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Apple's Textbook Strategy

Submitted by Jason Griffey on January 26, 2012 - 10:20pm

Apple has decided to attempt yet another media disruption, this time focusing on reinventing the textbook market. This move was foretold in the biography of Steve Jobs, where Walter Isaacson wrote about Jobs:

“He wanted to disrupt the textbook industry, and save the spines of spavined students bearing backpacks by creating electronic texts and curriculum material for the iPad."

The details of the announcement should definitely interest anyone in libraries, but especially school libraries (and, I think, academic libraries as well). The first announcement was the simple fact that Apple is getting into the electronic textbook market, providing tools for making electronic textbooks with rich media embedded and selling them in the iBooks store for the iPad. Apple also announced that they had signed three of the largest producers of textbooks in the US to be partners in the project; Houghton Mifflin Harcourt, McGraw-Hill, and Pearson.

There were three different software products announced as well: iBooks 2, iBooks Author, and iTuneU for iPad. iBooks 2 gives you access to the textbook store, as well as adding features like highlighting and note-taking, definitions, lesson reviews and study cards. The iTunes U app is a shortcut into the previously iTunes focused iTunes U portal for free curricular content from a number of colleges and universities across the world. iBooks Author is the most interesting of the products, as well as being the one that’s generated the most discussion, almost entirely because of its end-user license agreement.

iBooks Author allows for the creation of media-rich eBooks for the iBook Store, or exportable to PDF or TXT files without the fancy media embeds. Unfortunately for everyone, Apple chose to not support the emerging EPUB3 standard for import and export. This is an Apple-Only playground for the time being, with no import facilities at all. You start from a template, and build out an ebook using tools that are reminiscent of Apple’s own Keynote presentation software...it’s by far the best interface I’ve seen for creating complicated ebooks. It’s a real shame that Apple chose to restrict the output to only working in iBooks...understandable from their point of view, but overall I think the wrong call.

The real controversy comes in the EULA for Author. Included in the agreement is a section that reads:

B. Distribution of your Work. As a condition of this License and provided you are in compliance with its terms, your Work may be distributed as follows:

(i) if your Work is provided for free (at no charge), you may distribute the Work by any available means;

(ii) if your Work is provided for a fee (including as part of any subscription-based product or service), you may only distribute the Work through Apple and such distribution is subject to the following limitations and conditions: (a) you will be required to enter into a separate written agreement with Apple (or an Apple affiliate or subsidiary) before any commercial distribution of your Work may take place; and (b) Apple may determine for any reason and in its sole discretion not to select your Work for distribution.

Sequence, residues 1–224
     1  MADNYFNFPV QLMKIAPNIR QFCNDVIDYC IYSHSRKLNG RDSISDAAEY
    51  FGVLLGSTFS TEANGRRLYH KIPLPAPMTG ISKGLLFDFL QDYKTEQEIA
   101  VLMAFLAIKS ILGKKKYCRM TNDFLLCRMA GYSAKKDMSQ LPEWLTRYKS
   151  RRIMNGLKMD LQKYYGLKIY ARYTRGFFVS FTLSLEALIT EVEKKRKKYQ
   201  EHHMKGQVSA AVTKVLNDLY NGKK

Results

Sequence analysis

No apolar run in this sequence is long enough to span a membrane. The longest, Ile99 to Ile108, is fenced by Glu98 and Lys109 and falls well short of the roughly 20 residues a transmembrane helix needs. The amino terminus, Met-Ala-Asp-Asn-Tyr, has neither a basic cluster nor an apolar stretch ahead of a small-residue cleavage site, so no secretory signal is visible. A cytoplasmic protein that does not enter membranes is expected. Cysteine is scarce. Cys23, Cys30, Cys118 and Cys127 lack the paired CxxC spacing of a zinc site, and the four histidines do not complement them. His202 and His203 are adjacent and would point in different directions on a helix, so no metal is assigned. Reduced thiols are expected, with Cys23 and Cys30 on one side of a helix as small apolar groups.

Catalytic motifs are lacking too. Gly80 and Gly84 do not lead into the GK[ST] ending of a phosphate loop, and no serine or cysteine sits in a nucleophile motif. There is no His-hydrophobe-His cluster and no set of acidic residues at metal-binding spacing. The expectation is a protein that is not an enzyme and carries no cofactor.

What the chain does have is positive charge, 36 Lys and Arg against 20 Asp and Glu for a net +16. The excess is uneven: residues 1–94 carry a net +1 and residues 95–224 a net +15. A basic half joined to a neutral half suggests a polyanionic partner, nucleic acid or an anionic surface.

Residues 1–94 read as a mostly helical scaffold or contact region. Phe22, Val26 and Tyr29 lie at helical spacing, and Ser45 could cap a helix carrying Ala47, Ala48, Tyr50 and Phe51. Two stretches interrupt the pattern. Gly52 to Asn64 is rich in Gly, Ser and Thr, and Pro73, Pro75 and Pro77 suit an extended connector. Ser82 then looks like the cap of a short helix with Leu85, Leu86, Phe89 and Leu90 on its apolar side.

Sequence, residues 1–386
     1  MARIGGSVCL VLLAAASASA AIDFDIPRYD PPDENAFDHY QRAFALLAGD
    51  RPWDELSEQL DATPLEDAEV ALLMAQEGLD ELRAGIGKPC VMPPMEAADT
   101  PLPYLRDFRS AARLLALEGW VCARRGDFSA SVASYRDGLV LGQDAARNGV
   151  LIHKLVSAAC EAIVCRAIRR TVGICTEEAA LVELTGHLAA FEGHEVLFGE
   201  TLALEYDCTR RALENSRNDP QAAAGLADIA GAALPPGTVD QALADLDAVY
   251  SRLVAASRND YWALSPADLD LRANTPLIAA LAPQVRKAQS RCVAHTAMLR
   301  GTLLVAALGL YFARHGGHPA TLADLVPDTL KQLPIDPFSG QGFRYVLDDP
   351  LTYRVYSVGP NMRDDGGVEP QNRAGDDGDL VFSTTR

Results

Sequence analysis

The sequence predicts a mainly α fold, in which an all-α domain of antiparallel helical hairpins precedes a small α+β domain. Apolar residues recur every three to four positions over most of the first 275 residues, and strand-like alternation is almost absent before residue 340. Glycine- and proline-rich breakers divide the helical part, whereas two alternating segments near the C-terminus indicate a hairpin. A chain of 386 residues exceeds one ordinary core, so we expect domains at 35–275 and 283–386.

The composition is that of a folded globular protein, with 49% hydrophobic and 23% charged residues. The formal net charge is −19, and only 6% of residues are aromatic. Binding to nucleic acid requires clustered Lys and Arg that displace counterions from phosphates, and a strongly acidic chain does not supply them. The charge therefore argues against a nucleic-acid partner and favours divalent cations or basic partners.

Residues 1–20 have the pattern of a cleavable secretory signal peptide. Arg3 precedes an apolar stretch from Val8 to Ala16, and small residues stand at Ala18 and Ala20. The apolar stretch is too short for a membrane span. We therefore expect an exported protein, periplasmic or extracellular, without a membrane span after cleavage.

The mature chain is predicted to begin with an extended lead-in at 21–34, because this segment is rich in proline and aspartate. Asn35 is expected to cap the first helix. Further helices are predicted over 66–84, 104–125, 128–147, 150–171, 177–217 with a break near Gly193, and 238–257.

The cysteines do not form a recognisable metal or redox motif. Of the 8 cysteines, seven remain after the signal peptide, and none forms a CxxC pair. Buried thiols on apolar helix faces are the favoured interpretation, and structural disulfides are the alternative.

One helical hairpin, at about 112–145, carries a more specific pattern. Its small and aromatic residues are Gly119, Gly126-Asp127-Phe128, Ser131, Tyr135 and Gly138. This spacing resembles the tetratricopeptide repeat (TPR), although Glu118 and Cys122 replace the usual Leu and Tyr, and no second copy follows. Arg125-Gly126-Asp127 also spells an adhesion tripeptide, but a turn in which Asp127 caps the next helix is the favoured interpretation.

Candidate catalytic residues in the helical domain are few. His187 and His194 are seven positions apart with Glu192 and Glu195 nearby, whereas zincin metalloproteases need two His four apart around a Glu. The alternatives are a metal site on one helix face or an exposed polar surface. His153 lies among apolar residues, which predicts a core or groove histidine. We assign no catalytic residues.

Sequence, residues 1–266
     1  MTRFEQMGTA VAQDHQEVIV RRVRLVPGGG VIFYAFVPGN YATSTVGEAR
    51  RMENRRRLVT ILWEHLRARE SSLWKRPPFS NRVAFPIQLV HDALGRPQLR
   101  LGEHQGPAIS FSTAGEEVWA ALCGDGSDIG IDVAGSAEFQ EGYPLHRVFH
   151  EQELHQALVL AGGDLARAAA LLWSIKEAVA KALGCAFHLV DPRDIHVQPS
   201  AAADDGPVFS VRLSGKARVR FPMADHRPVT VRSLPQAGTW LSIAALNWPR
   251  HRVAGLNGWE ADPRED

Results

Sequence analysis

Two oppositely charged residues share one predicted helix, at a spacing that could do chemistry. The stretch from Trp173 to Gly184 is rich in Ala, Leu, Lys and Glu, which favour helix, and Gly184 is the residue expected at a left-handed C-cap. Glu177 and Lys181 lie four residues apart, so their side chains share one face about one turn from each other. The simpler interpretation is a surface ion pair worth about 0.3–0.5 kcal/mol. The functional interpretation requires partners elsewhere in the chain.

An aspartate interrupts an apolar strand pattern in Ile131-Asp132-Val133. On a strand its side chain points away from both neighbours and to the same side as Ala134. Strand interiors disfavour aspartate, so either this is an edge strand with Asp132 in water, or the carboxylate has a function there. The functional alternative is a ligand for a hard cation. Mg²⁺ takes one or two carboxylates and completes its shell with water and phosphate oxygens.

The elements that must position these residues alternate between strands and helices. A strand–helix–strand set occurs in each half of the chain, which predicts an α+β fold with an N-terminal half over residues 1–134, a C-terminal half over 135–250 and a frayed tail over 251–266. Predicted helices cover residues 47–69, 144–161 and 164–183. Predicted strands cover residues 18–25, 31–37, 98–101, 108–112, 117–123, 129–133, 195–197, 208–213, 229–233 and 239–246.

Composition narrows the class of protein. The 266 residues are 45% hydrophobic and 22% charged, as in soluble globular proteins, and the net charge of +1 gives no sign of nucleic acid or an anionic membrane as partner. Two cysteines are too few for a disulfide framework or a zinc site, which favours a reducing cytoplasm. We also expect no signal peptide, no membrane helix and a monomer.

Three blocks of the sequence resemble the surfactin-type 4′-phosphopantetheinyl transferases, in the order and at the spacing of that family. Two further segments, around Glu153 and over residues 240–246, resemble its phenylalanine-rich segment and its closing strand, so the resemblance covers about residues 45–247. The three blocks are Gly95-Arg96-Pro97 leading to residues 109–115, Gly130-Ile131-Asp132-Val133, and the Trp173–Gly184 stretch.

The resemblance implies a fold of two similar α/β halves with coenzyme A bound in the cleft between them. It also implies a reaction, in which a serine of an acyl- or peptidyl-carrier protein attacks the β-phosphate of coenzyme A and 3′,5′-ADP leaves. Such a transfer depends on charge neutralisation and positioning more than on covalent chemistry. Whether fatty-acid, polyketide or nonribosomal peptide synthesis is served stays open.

The commercial clause is the one that has most people worried, and seems to be unique in the world of EULAs. You’d be hard pressed to find another piece of software that limits your ability to sell the output of said program...they exist, but this is far more direct and draconian than any previous license that I’m aware of. For authors who want to use the tool, this locks them into distribution via the iBooks store, which means that libraries and librarians are going to be cut out of purchasing them for collections in any real way. On the other hand, it means that if libraries themselves want to use the tool to produce tools to help users and distribute them for free, they can easily and quickly do so with iBooks Author.

Apple is starting their textbook rollout with titles designed for high school (grades 9-12 in the US), which is surprising given the intense political and educational decision-making that goes into choosing public school textbooks in the US. I had expected them to start with College and University textbooks where the decision to use or not use is almost entirely up to the professor teaching the class. This is almost certainly just a preliminary trial, and I suppose if they hook the high schoolers then the expectation of iPad textbooks might trickle up to the world of higher education. 

These are far from a sure thing, but as the last 15 years shows us, it’s not a good bet to bet against Apple when it comes to selling things to consumers. Libraries should be ready to answer questions about these things over the next year or so as Apple tries to make textbooks into another conquest in their personal electronics and services empire.

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